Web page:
reapply sunscreen over makeup
Makeup

How to Reapply Sunscreen When You’re Wearing Makeup

It’s easier than you think, and it won’t wreck your beat.

By now we’re all fully aware that sunscreen is a crucial part of your skin-care routine, rain or shine. It’s the number one “anti-aging” product out there, and truthfully, there’s no point to investing in pricey serums and creams if you’re not going to first protect your skin with SPF. But what happens when you’re wearing a face full of makeup and it comes time to reapply—and yes, you do have to reapply to make sure your sun protection lasts throughout the day.

Though you may feel inclined to shy away from adding another layer of SPF for fear of ruining your perfectly blended base (we hear ya; it’s a valid concern), reapplying is just as, if not more, important than the initial round of product itself. According to Kelli Bartlett, artistic director at Glamsquad, “The key to avoiding damage caused by the sun is consistently protecting yourself”—emphasis on consistently. Truth be told, reapplying sunscreen while wearing makeup is doable and actually has a few multipurpose benefits. Below, we’re offering expert-approved tips and tricks to maintaining flawless makeup while also keeping your skin protected.


Your Skin & Sun Protection


While it may not be the sexiest part of your beauty routine, wearing SPF is proven to be one of the most effective ways of guarding the skin against a number of issues, least of which are sunspots, premature aging, fine lines, and wrinkles (not to mention skin cancer). Bartlett notes that sunscreen should be worn year-round, every day, whether it’s cloudy or rainy, whether you’re indoors or outdoors. The reason? Beyond protecting your skin from the sun’s harmful UV rays, the act of applying SPF daily creates a habit, and the goal is for it to be as standard in your regimen as brushing your teeth. Says Bartlett, “By creating a routine every day that includes sunscreen, you are committing to a practice that shields you against the long-lasting [negative] effects of the sun.”

Ensuring all-day protection in the form of reapplication is key. Bartlett advises that as soon as your skin is exposed to the sun post-SPF application, “the actives in the sunscreen take on the process of degradation, so your morning makeup routine isn’t going to offer protection for your afternoon sunny stroll.” A good rule of thumb is to apply SPF 15 minutes before sun exposure and every two hours when in direct exposure. Also, be sure to choose an SPF of 30 to 50—it’s the safest bet to protect against 97 to 98 percent of UVB rays (the 5 percent of UV rays that lead to most skin cancers).

Layer Up


“Your SPF is only as beneficial as the highest SPF you apply, in the most generous amount,” says Bartlett. This means that if you apply a moisturizer with SPF 15 and a foundation with SPF 30, your total amount of protection is 30, not 45. That said, because it can be difficult to cover every inch of your skin (most people have the tendency to slather sunscreen on the center of the face and neglect the outer edges), Bartlett maintains that “Layering is a great way to ensure that the [highest] amount of surface area of your skin is protected.” This also has the added benefit of evening out your skin tone if you apply, say, a tinted moisturizer with SPF on top of your SPF moisturizer. “Overall, it’s best to work with your skin type, so the same solutions you would search for in a traditional makeup touch-up should guide you towards the solution for a sunscreen touch-up,” says Bartlett.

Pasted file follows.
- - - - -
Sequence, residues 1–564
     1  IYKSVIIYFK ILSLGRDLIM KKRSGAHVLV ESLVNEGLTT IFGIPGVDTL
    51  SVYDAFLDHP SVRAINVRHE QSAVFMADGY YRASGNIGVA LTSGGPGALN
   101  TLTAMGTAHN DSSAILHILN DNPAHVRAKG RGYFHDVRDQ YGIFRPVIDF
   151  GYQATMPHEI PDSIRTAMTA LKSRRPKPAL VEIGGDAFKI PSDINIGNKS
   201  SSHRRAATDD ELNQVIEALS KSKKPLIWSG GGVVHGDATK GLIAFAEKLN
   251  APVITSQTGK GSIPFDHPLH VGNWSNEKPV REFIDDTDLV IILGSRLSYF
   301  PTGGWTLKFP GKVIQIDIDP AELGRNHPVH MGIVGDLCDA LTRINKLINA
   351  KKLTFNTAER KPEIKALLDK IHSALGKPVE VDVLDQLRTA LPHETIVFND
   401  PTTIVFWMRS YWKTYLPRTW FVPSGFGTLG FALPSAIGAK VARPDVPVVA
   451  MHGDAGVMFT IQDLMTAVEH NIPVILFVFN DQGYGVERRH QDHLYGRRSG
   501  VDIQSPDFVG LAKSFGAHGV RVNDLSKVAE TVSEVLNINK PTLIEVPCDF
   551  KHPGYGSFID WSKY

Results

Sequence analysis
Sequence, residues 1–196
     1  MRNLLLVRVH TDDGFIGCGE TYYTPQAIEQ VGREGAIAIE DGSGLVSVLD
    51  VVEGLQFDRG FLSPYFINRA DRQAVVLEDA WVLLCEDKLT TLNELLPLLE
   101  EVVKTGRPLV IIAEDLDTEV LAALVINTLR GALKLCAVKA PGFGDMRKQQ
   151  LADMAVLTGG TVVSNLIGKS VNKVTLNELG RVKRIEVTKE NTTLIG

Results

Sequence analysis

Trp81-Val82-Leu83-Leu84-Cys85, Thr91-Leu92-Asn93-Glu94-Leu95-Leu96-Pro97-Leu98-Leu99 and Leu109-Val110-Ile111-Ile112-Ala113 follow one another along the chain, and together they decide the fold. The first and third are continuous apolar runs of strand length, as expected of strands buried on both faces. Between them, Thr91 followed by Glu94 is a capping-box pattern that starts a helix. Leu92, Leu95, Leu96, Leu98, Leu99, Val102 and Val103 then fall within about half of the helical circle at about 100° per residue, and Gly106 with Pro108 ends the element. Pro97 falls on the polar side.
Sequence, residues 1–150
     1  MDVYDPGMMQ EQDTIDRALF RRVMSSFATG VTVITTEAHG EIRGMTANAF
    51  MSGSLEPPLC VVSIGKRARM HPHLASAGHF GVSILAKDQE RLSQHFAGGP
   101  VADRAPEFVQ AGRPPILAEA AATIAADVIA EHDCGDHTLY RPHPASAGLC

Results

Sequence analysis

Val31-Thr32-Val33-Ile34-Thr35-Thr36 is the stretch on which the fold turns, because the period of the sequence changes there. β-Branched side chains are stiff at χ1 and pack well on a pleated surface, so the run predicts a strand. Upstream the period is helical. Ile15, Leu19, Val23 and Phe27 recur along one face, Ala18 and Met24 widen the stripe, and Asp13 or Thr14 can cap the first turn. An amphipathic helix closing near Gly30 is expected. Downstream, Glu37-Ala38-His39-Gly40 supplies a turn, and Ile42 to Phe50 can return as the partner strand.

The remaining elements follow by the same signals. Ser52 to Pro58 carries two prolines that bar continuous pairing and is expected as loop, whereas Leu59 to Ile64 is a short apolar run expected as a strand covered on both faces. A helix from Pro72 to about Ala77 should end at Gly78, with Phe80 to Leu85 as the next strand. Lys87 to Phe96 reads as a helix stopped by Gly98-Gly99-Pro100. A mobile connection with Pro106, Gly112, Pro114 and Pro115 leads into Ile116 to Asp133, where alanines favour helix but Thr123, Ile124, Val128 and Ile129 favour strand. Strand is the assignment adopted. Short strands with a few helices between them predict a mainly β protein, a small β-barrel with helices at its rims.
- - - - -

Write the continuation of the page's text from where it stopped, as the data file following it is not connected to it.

How to Reapply



If You’re Oily


In the world of makeup, oily skin and face powder go hand in hand, and the same rings true when it comes to reapplying your SPF. Since you’re likely already touching up your complexion makeup with a powder, using an SPF powder that doubles up as a mattifier is a no-brainer. Says Bartlett, “To use an SPF powder, it’s essential to first press the powder into the skin with a [brush] or puff in order to ensure maximum surface-area coverage. Follow up by buffing away any excess powder.” If your skin skews oily and your makeup tends to melt off throughout the day, use this as an opportunity to add coverage back into your look by using a pressed powder (versus loose, which offers less coverage).


If You’re Dry or Combination


Unlike oily skin, dry skin requires a tad more hydration when it comes to touch-ups, and a powder can often emphasize dry patches—whether it’s of the SPF variety or not. For this reason, Bartlett recommends a spray with SPF built in. “A refreshing, hydrating SPF mist allows you to continue to add hydration and balance to dry skin while also protecting it,” Bartlett advises. “Be sure to apply evenly all over the face, with one spritz for each quadrant of the face (plus one in the center for good measure).”


If You’re Sensitive


Sensitive skin types may find that the layering of too many products (sunscreen, moisturizer, foundation—the works) can lay the groundwork for breakouts and clogged pores. Nix a step by opting for a multi-tasking moisturizer that contains a built-in SPF. Then, depending on where your skin type lies on the spectrum, continue to reapply every two hours with an SPF powder or mist.

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Skinbetter Sunbetter Tone Smart SPF 68 Sunscreen Compact, $55

The Skin Cancer Foundation has endorsed this mineral sunscreen compact (which is perfect for a midday touch-up) as an effective broad-spectrum SPF. It’s also shade adapting for a hint of coverage and has zero white cast, while also providing a silky soft finish that you can barely feel.
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